"After the Review" follows up on games shortly after their release. Did they make the right decisions? How are the fans reacting? We examine those questions and more. You can read our full review of Final Fantasy XV here, and make sure to check out our guides.
Minor spoilers follow.
One of the most common criticisms of Final Fantasy XV, outside of the problematic camera, is that it breaks with the format established in the first half game.
After spending roughly 20 hours tromping around Lucis, the gang hop on a boat and head to Altissia: a fanciful city that resembles the real-world city of Venice. It's here that the game's scope narrows considerably from the open-world of the first half to something much more constrained. You can still go on hunts and travel the city's waterways, but the Regalia remains firmly in storage.
After a major setpiece battle, the story's scope narrows still further. Though it offers the illusion of continuity due to the fact that you're on a train traveling the countryside, you're actually just moving from one story beat to the next with no chance to explore or strike out on your own. Thankfully, it's here that you regain access to the open-world with the help of a magical dog named Umbra. You can even gain experience and new gear despite it ostensibly taking place in the past.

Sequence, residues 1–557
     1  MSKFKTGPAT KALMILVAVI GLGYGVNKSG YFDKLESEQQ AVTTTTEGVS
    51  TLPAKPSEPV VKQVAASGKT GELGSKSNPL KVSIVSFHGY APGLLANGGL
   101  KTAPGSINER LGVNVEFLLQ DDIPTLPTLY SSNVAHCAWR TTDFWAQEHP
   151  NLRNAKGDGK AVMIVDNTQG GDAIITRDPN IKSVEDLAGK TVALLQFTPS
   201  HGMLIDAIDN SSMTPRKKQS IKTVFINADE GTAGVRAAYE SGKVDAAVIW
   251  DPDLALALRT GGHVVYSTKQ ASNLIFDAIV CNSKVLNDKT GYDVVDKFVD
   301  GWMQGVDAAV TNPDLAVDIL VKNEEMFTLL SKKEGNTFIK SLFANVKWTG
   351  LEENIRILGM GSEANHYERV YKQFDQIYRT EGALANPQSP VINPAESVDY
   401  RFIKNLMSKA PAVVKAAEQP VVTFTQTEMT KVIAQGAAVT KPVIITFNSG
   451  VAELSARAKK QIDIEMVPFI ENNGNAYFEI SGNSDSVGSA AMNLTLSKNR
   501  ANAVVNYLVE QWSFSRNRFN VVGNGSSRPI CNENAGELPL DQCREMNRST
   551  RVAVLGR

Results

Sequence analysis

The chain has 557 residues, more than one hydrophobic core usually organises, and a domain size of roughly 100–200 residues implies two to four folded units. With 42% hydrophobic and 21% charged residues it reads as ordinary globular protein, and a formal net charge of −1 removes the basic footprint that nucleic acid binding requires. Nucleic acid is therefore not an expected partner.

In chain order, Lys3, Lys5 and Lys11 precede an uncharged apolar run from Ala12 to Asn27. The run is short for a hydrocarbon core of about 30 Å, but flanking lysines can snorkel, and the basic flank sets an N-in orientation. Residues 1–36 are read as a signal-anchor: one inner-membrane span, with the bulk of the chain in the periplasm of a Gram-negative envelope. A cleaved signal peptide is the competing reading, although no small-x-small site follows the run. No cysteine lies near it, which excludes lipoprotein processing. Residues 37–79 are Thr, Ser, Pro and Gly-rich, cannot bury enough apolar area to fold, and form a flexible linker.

But in the meantime, the game rumbles steadily toward its inevitable conclusion, mixing in a couple dungeons and a quick town stop along the way. Some have likened it to an inversion of Final Fantasy XIII, which opens with an extremely linear quest before opening up a bit later, but it's not a perfect comparison. For one thing, Final Fantasy XV's open-world is magnitudes more interesting than the equivalent in Final Fantasy XIII, which is much smaller and mostly empty. For another, FFXV's more linear segments are ultimately more interesting than anything FFXIII has to offer because FFXV's dungeons are much stronger, and the setpieces help to add a bit of pop.
So does the second half of Final Fantasy XV actually hurt the overall game? Well, yes and no.
In addressing this in my original review, I wondered if the move toward a more linear approach wasn't actually to the benefit of the story, writing, "Much as I would have liked for the roadtrips to continue through the entirety of the story, I wonder if it would have been a good idea to sacrifice the nostalgic element that emerges when they're taken away, as it proves to be a surprisingly powerful bit of storytelling. If nothing else, it turns what might have otherwise been a weakness into something positive."
I don't think it's too much of a spoiler to say that Final Fantasy XV's story takes kind of a dark turn past the midpoint. As the joyous sense of comraderie fell away, I found myself longing for the comparatively brighter moments spent hunting monsters, racing chocobos, and camping out under the stars. The shift in tone was mirrored in-game, as the protagonists became wistful about their time in Lucis.